My school may be one of the last to get out.  June 26th! Yep, there are still 4 days and 3 half days of still left but who is counting?  Thanks to 10+ mom volunteers this morning my library looks amazing and is ready for next school year already. NO ONE can touch the shelves... just kidding...kind of.



While scrolling through Instagram I came across Ramona Recommends' IG page and she had this great idea for Linky party. Since school is still in session, I'm not traveling, but I am on the hunt for a good book to read to get the students excited for summer and of course, summer reading.  I decided to hit up my library and find something new, something we did not have in our school library and I found "Beach" by Elisha Cooper.  This will be on my purchase list for next year. It is also a great book for Mrs. Jump's We Love Books linky.


The beautiful watercolors in this book help tell a great story of a day at the beach.  Anyone who has spent time at the beach can easily relate to this book.  A reader who hasn't spent time at this beach can quickly get the feeling of being there with the clouds, waves, and sand; its like you can almost feel the breeze in your face.  Throughout the book you read and see events that occur throughout the day such as sandcastle building or playing in the waves.  The book ends with the day ending and everyone having to go home.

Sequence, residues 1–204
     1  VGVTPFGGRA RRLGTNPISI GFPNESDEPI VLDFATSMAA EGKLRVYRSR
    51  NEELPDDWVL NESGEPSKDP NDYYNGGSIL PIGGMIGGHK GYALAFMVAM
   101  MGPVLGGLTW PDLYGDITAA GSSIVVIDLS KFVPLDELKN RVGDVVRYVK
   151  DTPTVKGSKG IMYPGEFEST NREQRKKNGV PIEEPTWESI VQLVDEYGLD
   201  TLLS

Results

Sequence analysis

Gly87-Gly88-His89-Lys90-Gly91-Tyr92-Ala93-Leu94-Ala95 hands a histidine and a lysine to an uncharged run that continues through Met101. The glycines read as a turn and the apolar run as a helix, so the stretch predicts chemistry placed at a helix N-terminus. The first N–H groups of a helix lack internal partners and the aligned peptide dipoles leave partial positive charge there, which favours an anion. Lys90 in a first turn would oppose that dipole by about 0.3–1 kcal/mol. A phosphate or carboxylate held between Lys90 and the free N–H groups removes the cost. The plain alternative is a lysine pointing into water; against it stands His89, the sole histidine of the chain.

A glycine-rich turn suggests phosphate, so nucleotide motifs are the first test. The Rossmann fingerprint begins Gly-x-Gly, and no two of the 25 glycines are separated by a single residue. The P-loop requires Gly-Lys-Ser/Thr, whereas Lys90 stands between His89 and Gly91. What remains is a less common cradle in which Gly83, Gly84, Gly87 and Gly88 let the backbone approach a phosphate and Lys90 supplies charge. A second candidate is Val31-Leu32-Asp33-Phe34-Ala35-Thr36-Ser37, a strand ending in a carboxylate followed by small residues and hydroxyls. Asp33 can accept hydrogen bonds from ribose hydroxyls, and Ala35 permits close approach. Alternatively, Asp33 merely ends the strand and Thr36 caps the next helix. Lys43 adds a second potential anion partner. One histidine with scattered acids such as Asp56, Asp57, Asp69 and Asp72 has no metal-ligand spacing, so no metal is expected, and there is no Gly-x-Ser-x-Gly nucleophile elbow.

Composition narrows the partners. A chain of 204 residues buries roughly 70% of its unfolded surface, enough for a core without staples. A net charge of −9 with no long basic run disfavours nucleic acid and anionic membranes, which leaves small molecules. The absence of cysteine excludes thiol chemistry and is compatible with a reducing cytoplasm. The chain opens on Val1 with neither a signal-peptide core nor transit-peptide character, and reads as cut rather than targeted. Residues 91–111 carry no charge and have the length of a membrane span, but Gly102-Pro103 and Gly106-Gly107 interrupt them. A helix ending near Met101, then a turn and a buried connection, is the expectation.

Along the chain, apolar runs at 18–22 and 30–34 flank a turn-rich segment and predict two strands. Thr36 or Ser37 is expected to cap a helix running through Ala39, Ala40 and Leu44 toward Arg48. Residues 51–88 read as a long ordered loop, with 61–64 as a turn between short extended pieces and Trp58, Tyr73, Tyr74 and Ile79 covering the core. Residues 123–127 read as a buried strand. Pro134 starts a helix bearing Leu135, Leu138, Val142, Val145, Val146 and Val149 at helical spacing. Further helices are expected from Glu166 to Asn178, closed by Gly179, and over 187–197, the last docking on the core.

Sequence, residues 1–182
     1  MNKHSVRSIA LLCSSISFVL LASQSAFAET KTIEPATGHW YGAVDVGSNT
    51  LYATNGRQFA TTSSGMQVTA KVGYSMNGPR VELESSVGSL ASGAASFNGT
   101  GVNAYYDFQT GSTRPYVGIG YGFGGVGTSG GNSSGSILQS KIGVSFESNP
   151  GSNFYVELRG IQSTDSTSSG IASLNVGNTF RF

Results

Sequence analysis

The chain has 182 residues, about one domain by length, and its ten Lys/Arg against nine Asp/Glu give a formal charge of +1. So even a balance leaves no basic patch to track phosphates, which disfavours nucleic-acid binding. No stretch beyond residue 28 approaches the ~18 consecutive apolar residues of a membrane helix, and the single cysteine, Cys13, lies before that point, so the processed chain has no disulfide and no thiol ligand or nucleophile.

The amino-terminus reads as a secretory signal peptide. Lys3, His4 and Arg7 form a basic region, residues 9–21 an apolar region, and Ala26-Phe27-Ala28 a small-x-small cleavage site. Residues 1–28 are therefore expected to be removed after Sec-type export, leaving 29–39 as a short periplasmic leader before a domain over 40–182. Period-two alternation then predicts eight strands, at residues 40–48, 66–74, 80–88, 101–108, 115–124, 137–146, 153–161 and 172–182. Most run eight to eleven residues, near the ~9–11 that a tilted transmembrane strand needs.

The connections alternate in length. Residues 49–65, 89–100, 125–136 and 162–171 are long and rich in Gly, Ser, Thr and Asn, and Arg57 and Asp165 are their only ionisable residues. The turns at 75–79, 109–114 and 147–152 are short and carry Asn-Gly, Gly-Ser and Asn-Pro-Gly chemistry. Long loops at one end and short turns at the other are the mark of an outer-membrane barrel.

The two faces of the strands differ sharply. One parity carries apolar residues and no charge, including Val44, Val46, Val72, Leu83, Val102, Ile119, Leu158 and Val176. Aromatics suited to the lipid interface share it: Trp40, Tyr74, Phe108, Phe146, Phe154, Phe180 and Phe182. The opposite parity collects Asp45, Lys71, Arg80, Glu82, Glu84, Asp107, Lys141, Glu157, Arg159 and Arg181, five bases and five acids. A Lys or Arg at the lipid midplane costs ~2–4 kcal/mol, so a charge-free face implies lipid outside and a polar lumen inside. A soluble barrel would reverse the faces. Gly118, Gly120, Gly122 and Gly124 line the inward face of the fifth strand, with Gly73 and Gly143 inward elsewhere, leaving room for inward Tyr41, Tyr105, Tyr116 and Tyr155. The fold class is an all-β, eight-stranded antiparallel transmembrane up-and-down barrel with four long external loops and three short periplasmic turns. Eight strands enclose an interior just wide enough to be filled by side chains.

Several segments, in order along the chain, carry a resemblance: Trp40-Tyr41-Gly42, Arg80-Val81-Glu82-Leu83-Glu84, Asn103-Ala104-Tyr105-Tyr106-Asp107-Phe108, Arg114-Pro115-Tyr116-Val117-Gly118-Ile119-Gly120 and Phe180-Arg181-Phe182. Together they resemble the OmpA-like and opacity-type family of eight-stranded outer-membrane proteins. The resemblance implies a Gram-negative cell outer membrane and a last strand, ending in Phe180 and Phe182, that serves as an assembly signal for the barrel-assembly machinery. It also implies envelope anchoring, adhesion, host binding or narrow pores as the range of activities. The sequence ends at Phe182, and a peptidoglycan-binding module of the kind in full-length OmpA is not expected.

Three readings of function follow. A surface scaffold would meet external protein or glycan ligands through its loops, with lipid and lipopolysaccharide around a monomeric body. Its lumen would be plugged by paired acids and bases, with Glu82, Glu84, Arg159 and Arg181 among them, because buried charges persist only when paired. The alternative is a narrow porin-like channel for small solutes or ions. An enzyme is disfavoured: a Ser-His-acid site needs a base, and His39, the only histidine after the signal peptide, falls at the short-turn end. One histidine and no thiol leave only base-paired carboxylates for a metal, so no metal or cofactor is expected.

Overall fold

I cannot wait to start reading it to the students and share beach stories. Our summer reading theme is summer is Rock, Roll, and Read.  Hopefully this will help get them excited.


Monday, June 16, 2014

Book Trailers (updated)

Third grade students have been working on book trailers.  When I introduced Battle of the Books (post here) I showed some book trailers and they really enjoyed them so I thought, let's create some.

Each student had freedom to choose any book that was at their reading level.  They wrote a little bit about the book first.

(click the image to download the guide)


Then used Photopin (http://photopin.com/) to find pictures to show what they are going to discuss. Photopin is a great site for finding photos. Photopin uses Flickr to search Creative Commons photos so I know we can use all the photos the students find.  I had the "Let's be mature" conversation with the students in the beginning but we had NO incidents. If they couldn't find what they were looking for, they could use other sites I had collected: http://edu.symbaloo.com/mix/picsforprojects.



After I had students edit at least one to to fit into their project.  Many students add character names but other got really creative.  We used the site BeFunky, http://www.befunky.com/ . The website allows you to do basic editing, exposure, brightness, resizing, etc, but it also had fun filters, borders, and allows you to add cool text features.  There is an undo and redo button which is convenient for these elementary age students.